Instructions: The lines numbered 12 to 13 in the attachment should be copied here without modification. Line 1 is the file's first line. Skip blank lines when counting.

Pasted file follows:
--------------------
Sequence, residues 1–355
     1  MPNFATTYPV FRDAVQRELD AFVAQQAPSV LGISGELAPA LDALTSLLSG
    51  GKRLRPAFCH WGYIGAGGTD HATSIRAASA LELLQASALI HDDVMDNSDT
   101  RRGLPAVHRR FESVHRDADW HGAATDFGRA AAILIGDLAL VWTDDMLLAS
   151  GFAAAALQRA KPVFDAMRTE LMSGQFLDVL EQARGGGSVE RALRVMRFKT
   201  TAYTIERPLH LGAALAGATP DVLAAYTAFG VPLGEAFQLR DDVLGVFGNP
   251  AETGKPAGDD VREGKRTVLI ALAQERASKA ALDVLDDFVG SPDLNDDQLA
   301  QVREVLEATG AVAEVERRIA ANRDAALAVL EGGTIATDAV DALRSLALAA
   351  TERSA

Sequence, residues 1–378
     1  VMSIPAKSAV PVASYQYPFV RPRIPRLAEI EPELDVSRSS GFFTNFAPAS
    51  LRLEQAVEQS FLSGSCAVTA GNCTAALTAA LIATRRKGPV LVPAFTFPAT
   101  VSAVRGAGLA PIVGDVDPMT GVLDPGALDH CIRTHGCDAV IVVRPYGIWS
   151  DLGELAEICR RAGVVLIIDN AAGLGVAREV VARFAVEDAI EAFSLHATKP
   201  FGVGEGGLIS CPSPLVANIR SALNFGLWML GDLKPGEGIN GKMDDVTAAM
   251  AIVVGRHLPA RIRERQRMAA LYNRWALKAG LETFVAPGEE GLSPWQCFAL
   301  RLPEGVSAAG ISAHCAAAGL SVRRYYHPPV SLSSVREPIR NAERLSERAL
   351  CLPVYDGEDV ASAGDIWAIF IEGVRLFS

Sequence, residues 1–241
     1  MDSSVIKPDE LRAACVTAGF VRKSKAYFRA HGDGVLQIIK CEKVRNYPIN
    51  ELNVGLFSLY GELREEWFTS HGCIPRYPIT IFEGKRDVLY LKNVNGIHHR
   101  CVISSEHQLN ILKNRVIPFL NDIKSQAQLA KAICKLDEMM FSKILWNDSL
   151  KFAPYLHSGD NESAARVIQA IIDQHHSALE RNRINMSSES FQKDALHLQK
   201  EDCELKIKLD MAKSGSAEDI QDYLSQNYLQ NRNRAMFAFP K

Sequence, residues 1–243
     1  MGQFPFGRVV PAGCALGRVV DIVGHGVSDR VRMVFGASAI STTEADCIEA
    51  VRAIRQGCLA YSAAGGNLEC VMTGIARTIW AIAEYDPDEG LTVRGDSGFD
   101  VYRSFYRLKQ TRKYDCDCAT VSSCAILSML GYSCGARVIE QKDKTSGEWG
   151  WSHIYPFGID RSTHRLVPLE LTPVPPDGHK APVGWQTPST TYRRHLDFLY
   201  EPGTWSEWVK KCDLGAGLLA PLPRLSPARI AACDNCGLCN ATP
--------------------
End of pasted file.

    51  LRLEQAVEQS FLSGSCAVTA GNCTAALTAA LIATRRKGPV LVPAFTFPAT
   101  VSAVRGAGLA PIVGDVDPMT GVLDPGALDH CIRTHGCDAV IVVRPYGIWS